A bigger eruption than last year

03.08.2022 - 18:55
Mynd: Sigríður Hagalín Björnsdótt / RÚV
Flowing at 20-50 cubic metres per second, the volcanic eruption which began today in Meradalir on the Reykjanes peninsula is shaping up to be five-to-ten-times more productive than the eruption in the same lava field last year.

“But that doesn’t mean this is a big eruption, but it does mean that we need to be careful,” explained geophysics professor Magnús Tumi Guðmundsson at a civil protection agency press briefing early this evening.

Civil protection chief at the state police Víðir Reynisson emphasised at the same briefing that it is dangerous to walk on last year’s lava as a short cut to visit the new volcano. The area has been closed to traffic this afternoon, though the signals of 7,000-8,000 mobile phones were recorded in the area nevertheless. People should not visit the volcano today, but it is expected that access will be granted after scientists assess the situation.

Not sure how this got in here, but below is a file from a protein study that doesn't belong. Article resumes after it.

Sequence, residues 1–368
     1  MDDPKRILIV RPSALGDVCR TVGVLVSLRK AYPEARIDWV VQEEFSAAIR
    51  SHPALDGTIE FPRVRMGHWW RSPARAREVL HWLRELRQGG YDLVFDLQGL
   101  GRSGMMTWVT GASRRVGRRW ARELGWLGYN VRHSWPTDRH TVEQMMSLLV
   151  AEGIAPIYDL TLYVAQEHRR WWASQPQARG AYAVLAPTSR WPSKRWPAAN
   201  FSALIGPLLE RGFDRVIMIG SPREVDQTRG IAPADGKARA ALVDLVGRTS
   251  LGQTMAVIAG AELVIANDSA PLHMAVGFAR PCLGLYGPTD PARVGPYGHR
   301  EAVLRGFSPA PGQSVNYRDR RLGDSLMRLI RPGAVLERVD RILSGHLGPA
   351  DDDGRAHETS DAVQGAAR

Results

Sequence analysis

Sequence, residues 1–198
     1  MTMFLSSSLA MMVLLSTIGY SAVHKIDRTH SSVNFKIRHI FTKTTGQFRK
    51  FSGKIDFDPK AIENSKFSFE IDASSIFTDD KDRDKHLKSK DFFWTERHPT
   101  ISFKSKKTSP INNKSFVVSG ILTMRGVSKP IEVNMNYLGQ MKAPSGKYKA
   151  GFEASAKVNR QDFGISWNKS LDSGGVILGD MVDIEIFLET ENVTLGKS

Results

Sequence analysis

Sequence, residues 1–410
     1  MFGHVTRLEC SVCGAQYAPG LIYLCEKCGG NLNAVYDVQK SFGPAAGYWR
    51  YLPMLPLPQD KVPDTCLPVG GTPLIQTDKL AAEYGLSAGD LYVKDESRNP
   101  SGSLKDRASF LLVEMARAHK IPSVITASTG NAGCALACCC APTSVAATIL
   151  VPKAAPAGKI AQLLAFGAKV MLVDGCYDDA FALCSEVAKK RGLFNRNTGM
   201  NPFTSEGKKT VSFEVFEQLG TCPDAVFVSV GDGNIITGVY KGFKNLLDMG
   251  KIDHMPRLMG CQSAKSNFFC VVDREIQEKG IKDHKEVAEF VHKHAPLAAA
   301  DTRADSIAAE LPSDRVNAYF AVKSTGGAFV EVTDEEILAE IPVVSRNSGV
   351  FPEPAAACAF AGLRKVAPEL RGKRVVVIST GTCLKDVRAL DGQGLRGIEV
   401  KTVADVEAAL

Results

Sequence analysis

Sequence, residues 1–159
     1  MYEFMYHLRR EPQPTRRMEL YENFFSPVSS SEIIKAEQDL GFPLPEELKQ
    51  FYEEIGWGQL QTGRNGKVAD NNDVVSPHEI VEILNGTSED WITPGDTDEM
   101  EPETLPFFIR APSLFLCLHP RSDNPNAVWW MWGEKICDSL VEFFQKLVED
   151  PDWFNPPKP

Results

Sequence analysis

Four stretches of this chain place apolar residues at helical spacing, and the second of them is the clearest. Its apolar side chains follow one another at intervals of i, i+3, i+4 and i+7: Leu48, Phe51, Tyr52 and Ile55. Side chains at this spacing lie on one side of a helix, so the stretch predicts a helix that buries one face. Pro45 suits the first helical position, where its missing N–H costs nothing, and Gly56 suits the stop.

RÚV’s reporter on the scene this afternoon said the hike to the eruption is longer and more difficult than last year, and that the lava flow itself definitely appears hotter and more powerful.

The volcano is erupting from a 300-metre-long fissure, which is much larger than at the start of the eruption in March last year, but is also not a surprise to scientists, who have been predicting a more powerful eruption.

According to the Icelandic Met Office, the volcano is producing gas pollution, but it should blow directly south and out to sea in the short-term. No towns or villages are forecast to be in the path of volcanic pollution in the near future. As with last year’s eruption, there is little to no ash production so far, and flights from nearby Keflavík International Airport are running to schedule.

The video above was taken by RÚV on board a coastguard survey helicopter this afternoon. RÚV’s live webcam of the volcano is available below, on YouTube, and also on RÚV 2 television. Despite the unpredictable nature of volcanoes, there is some relief in the town of Grindavík, and at the nearby Svartsengi geothermal power station, that the earthquake swarm has calmed down. The eruption is also considered to be in a good location, far from homes and industry.

Click to follow RÚV English on Facebook.
Kliknij, żeby śledzić RÚV Polski na Facebooku.